Platoons of veterans on long march back to work

Neal Rubin
The Detroit News

Melvin Freeman Jr. is piloting the forklift, and he’s pounding the horn as he carries off a practice load of pallets.

Veteran Melvin Freeman Jr. learns how to operate fork lifts at the Forgotten Harvest Distribution Center in Oak Park last month.

Roy Ealy is working with the power pallet jack, pushing it with one hand and honking with the other: Beep! Beep-beep-beep!

The warehouse manager is calling out instructions behind the loading dock at Forgotten Harvest and a few other spectators are calling out encouragement. The beeps keep coming and the machinery keeps going.

It’s the sound of progress. And that faint echo, as the latest group from a veterans training program polishes its credentials?

That might be the sound of redemption.

After several years of test flights, Forgotten Harvest and a squadron of partners officially launched the Skilled Workforce Development Training Program in early March. Bankrolled by the charitable foundations of Fiat Chrysler Automobiles and PNC Bank, the program is designed to impart marketable knowledge in food, agriculture, or any other field where related skills might spill over.

Classes take place in venues as close by as the food rescue organization’s commercial kitchen and as far away as Michigan State University. There are also computer training through Oakland County Michigan Works, stress and anger sessions with the Red Cross, seminars on interviewing and resumes, and a brush-up on personal finance through PNC for people who might not have had finances to speak of since before banking went online.

Funding for the program is only guaranteed through June, so it might be a short-lived project. The cohorts are small, only half a dozen people at a time. The program is lengthy, eight solid weeks of long days.

Roy Ealy, 59, a former Air Force administration specialist, learns how to use an electric jack last month at the Forgotten Harvest Distribution Center in Oak Park. He’s working to rebuild his life after it spun out of control.

Those are the downsides. The upsides? Potentially putting people to work, of course. But there’s also the renewal of a sense of purpose for people who used to know where they fit in the world.

Freeman, 62, was a U.S. Army recovery specialist — in civilian-speak, a tow truck driver. He could hook up anything from a Jeep to a tank.

Ealy, 59, was an Air Force administration specialist — in the world without uniforms, a clerk. He typed and filed and kept order.

Since then, life has spun out of control. “I’m clean six months,” says Ealy, who’s living in a halfway house in Detroit.

“Eight months,” says Freeman, who lives in Redford Township.

They’ve both been to prison. That’s hardly a requirement, but everyone in the program has been through things they never expected. Now they’re comparing notes about something better, the certifications they’ll have in hand by the time they muster out.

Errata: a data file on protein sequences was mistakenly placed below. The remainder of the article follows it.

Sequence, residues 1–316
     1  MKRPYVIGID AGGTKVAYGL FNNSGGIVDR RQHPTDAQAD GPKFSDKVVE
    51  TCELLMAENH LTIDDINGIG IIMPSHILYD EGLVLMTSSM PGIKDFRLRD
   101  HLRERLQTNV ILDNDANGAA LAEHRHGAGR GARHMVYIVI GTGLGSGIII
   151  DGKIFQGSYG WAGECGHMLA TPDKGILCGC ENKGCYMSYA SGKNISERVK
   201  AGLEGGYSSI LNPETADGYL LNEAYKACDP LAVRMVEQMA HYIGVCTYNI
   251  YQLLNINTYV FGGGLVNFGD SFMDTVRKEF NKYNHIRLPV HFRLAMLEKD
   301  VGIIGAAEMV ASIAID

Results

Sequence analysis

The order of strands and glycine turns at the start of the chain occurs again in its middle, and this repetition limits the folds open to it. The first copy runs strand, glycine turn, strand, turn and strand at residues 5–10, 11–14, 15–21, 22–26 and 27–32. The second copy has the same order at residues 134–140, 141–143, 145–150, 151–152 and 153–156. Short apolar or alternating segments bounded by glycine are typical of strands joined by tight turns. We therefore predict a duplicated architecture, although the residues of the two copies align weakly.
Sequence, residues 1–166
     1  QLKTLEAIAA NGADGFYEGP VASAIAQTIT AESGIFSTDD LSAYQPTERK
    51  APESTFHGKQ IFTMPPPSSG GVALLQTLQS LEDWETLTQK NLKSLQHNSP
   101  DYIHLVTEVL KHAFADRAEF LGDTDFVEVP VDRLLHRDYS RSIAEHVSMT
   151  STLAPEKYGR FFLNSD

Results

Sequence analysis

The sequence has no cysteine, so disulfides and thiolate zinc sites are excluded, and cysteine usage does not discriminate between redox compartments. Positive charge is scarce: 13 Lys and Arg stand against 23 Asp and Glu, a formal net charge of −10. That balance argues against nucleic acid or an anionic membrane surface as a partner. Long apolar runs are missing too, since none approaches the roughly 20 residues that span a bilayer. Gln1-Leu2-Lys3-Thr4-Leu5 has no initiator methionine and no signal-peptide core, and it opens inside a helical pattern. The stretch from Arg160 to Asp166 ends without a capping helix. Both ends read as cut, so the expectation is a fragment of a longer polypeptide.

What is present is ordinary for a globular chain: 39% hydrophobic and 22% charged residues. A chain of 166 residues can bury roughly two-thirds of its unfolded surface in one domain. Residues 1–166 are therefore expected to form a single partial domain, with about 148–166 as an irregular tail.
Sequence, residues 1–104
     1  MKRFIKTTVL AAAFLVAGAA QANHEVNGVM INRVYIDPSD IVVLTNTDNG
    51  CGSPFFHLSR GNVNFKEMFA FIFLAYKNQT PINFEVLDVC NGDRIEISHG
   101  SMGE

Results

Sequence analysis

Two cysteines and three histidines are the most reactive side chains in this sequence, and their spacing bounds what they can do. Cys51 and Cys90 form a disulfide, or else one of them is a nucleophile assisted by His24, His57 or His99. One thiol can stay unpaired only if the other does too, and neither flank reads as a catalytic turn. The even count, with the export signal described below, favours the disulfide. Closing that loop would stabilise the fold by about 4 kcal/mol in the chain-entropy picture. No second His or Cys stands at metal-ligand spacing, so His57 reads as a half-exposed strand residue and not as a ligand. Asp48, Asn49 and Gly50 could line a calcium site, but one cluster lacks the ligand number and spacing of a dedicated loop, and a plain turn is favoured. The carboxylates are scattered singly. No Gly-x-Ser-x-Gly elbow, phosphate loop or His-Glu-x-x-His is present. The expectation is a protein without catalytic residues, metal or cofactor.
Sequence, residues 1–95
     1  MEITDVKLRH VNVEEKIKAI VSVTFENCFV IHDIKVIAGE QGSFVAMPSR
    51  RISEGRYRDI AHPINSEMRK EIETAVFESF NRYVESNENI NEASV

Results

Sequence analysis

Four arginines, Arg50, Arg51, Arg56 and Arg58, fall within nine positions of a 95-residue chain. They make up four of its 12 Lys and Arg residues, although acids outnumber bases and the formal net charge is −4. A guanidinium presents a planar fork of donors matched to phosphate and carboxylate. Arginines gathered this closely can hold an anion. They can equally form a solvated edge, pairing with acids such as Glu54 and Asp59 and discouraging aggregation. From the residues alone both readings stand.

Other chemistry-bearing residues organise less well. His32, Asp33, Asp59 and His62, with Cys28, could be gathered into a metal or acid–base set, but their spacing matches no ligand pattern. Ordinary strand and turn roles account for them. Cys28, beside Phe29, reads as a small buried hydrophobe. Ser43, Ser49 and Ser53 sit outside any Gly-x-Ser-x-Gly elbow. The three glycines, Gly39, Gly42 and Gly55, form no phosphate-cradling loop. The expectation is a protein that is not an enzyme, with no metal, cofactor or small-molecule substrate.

Forklift operation. Culinary skills, specifically the rapid-fire chopping of vegetables. ServSafe and HACCP, both tied to food safety. Up to seven of them total, verifying that people who once made it through basic training could come back decades later and make it through pesticide training.

“You get older,” says former Army computer technician William Steele, 61, “you start to doubt yourself.”

But this, says Duane Donahoo of Detroit, is proof they saw something through to the finish.

Donahoo, 56, was the Air Force equivalent of an MP, then a machinist and a barber, and then a guy who needed focus.

“We got something to back it up now,” he says. They have folders full of reassurances for employers, and for themselves.

The cost of confidence is $30,000 per group, covering not only training but things like hotel rooms in East Lansing and the van to get there. If it seems like a detour from Forgotten Harvest’s mission, says CEO Kirk Mayes, keep in mind that “there’s more than one kind of hunger.”

“We love to do it,” he says, because the best way to shorten food lines is to make sure people don’t need them.

As he hustles for more funding, the big problem for Mayes is the small scale of the program. The demographics work; he has a particular interest in veterans and former convicts, and the circles have frequently overlapped. But “nobody’s going to fund us long-term doing five or 10 people at a time.”

Conversely, a program that claims a 70 percent success rate for employment among the first 30 alumni doesn’t want to grow so large it loses touch with what works.

“We try to help the program fit the person, instead of the other way around,” says Mark Meadows, community employment coordinator at the John D. Dingell V.A. Medical Center. That might mean housing for someone who’s been in shelters, rides or bus vouchers for someone with no car, or treatment for mental or physical disabilities.

“That’s kind of the beauty of this particular program,” he says.

One tweak he suggests, even though his responsibility is veterans, is blending vets and civilians in the classes. That’s how some of the test sessions were structured, and Meadows found that the two camps learned from one another.

Promptness. There’s a military attribute. Creativity? Score one for the people who’ve lived outside the box.

Ambition? That can be a fresh discovery for anyone.

“I’m here,” says Steele, the former Army technician, “because I was never concerned about the future.”

Now he is, and it looks promising. He and the three others who took spins on the forklift all finished the program late last month. Two who started with them didn’t, one because of health issues.

The sixth gentleman dropped out, but it’s hard to blame him. He got a job.